Article Image Alt Text

They’re back: 107th Legislature convenes in Lincoln

They’re back. The 107th Legislature First Session – that’s the long 90-day session in which a budget must be drafted and ideas (some new, some warmed-over) presented to the nation’s only nonpartisan one-house lawmaking body.
Business for the 32 Republicans and 17 Democrats will be conducted in a Plexiglas-partitioned, socially distanced George W. Norris Legislative Chamber that looks nothing like what the Nebraska statesman envisioned in the 30s.
In fact, perhaps the first order of business for the 36 men and 13 women will be to decide if they are going to hit go or pause because of the pandemic. They’ll likely want to select a Speaker and committee chairs, as usual, first.
The thing that complicates all of this is the traditional transparency of the Nebraska Legislature. Public hearings are held on every bill before committees vote to kill them or advance them to three rounds of debate by the full legislature.
The public shows up for those hearings, often in droves. How can that be safely accomplished during a pandemic?
Mark my word, things will be different for 2021. There is plenty of work to be done to accommodate financial changes caused by pandemic-driven federal assistance, especially the recently proposed version.
The OpenSky Policy Institute notes that a measure clarifying businesses can deduct expenses paid with forgiven Paycheck Protection Program loans will cause a decrease in state income tax revenues relative to current projections, which were made with an expectation that such expenses could not be deducted from taxable income.
The Department of Corrections recently announced a push to fund a new 1,500-bed prison, which will cost an estimated $230 million. The six-year project will face opposition from those senators who want to see less-expensive reform in sentencing and programming. Corrections hopes to use a new prison to ease overcrowding in the nation’s second most overcrowded system ranking only behind Alabama.
Operating the prison, if staff can be recruited, would cost $34 million annually. That’s going to be a tough sell to the Legislature and an obligation to the next administration since the current Governor only has two years left in office.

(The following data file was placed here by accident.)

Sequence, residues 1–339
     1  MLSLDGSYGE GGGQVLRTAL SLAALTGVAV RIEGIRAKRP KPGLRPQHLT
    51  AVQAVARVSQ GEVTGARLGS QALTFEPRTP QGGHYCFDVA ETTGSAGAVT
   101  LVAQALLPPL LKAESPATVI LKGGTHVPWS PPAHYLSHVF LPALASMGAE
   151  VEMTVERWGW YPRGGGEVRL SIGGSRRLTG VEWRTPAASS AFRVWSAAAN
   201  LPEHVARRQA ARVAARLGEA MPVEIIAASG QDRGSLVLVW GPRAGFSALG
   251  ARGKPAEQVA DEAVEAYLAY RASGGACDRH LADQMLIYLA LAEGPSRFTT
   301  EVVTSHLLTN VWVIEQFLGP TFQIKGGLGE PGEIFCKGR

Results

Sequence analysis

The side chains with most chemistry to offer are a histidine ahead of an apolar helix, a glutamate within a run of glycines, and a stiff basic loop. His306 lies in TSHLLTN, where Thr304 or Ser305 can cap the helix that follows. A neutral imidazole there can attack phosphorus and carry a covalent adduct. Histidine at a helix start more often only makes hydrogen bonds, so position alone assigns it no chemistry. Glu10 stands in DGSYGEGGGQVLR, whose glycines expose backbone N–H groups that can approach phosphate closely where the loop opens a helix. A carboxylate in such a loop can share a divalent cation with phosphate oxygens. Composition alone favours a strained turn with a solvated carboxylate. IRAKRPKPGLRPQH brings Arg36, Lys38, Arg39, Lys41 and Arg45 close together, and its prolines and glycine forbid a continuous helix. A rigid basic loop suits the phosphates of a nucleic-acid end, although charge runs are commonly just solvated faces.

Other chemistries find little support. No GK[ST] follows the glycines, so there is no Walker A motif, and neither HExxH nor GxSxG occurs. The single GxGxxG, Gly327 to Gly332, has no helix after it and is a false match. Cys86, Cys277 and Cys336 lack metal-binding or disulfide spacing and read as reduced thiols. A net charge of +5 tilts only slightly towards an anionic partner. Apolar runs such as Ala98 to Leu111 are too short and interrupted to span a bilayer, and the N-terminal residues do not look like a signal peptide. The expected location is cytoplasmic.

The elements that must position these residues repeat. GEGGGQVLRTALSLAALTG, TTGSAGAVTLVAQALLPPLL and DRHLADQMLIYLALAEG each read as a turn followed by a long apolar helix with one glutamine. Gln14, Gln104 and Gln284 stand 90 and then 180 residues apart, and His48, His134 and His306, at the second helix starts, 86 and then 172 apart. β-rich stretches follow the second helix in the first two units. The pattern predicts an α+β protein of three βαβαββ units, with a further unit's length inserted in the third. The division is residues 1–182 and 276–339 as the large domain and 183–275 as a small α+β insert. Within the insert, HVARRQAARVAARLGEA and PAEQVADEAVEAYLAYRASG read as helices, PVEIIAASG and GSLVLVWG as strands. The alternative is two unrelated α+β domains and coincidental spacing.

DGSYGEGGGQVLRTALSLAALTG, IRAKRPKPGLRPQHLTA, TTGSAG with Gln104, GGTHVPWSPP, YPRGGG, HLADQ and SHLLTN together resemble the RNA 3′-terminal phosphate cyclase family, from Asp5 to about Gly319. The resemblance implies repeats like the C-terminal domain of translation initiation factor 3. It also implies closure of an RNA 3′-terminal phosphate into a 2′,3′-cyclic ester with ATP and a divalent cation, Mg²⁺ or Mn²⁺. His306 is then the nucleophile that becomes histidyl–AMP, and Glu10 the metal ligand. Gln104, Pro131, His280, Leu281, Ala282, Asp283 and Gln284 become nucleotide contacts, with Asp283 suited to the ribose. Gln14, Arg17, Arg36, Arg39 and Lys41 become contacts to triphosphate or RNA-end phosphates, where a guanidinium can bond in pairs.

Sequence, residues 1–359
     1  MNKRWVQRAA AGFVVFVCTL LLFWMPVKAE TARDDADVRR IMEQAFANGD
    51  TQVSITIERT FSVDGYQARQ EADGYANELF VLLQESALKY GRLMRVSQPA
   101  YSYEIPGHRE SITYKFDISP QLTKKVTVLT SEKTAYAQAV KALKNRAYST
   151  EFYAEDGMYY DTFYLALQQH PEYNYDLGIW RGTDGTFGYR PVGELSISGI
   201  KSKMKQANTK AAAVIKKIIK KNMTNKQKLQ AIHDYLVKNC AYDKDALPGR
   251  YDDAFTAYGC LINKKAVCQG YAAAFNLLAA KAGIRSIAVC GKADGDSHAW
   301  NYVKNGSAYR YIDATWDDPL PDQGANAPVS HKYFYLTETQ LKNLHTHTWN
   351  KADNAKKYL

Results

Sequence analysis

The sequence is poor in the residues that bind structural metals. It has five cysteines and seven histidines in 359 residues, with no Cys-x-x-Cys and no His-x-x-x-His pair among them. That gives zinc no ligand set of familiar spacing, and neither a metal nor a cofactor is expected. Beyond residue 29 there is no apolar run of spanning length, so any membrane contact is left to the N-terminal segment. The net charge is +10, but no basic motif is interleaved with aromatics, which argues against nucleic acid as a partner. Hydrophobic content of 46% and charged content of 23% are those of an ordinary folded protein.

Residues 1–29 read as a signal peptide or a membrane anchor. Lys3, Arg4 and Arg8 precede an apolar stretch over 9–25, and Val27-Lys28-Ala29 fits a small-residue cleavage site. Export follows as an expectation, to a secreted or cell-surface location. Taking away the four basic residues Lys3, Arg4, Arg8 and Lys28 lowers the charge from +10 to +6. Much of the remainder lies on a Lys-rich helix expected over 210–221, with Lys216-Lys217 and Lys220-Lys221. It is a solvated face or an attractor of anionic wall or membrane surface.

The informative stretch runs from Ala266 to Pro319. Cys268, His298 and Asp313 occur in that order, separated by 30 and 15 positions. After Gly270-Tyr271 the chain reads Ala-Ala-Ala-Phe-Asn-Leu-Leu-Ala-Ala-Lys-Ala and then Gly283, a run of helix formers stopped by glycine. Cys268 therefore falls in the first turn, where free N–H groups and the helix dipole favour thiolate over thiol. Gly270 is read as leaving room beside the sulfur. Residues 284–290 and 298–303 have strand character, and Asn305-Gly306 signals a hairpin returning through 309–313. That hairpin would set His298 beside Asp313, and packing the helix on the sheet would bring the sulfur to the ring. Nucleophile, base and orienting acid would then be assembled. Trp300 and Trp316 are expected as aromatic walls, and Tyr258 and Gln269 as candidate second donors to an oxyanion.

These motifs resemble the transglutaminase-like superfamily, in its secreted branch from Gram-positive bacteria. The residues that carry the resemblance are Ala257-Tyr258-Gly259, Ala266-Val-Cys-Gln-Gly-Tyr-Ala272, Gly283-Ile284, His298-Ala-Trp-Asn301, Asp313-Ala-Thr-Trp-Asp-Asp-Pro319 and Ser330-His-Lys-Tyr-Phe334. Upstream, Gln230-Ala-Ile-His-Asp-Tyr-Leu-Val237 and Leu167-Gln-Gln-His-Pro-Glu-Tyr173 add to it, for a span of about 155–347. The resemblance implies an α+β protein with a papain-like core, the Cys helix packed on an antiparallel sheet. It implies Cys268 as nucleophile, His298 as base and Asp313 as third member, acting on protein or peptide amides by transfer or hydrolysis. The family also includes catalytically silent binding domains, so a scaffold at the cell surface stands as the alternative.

It would likely be built in the Lincoln or Omaha area and could house 400 maximum security, 512 medium security and 600 minimum-security inmates in a complex on about 100 to 160 acres.
Expect a number of proposals stemming from the summer of unrest following the police shooting of George Floyd in Minneapolis and the shooting death of James Spurlock in Omaha’s Old Market during demonstrations. Spurlock was allegedly shot by a bar owner who later committed suicide, casting new light on mental health issues which are also prime for discussion.
Lawmakers must enact measures that will accommodate ballot issues passed by voters in November. That includes removing slavery as a criminal punishment; increasing the length of time for the payback of Tax Increment Financing projects; and three relating to casino gaming at licensed horse-racing tracks.
The casino bills involve implementation, regulation and disbursement of taxes. Debate on each of those topics promises to be complicated and lengthy. Given that the Governor actively campaigned against the gambling measures, implementation could also be a slow process.
Remember how long it took to implement voter-approved Medicaid expansion, which he also opposed?
There will be five new faces this year and three previously term-limited returning veterans. What that does to the learning curve remains to be seen.
Oh, lest I forget. There may be a need to make adjustments to the hastily approved property tax relief measure lawmakers passed near the end of their pandemic-delayed acrimonious session last year.
Buckle up; this could be a rough ride.


The Imperial Republican

308-882-4453 (Phone)

622 Broadway St

PO Box 727

Imperial, NE 69033